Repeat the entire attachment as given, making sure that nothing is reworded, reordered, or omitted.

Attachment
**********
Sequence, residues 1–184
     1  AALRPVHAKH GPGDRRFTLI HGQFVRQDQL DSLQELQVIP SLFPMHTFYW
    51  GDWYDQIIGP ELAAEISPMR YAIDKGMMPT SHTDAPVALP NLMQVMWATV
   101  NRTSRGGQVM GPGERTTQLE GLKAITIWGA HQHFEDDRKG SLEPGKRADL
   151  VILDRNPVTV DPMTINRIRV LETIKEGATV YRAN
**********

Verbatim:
Sequence, residues 1–184
     1  AALRPVHAKH GPGDRRFTLI HGQFVRQDQL DSLQELQVIP SLFPMHTFYW
    51  GDWYDQIIGP ELAAEISPMR YAIDKGMMPT SHTDAPVALP NLMQVMWATV
   101  NRTSRGGQVM GPGERTTQLE GLKAITIWGA HQHFEDDRKG SLEPGKRADL
   151  VILDRNPVTV DPMTINRIRV LETIKEGATV YRAN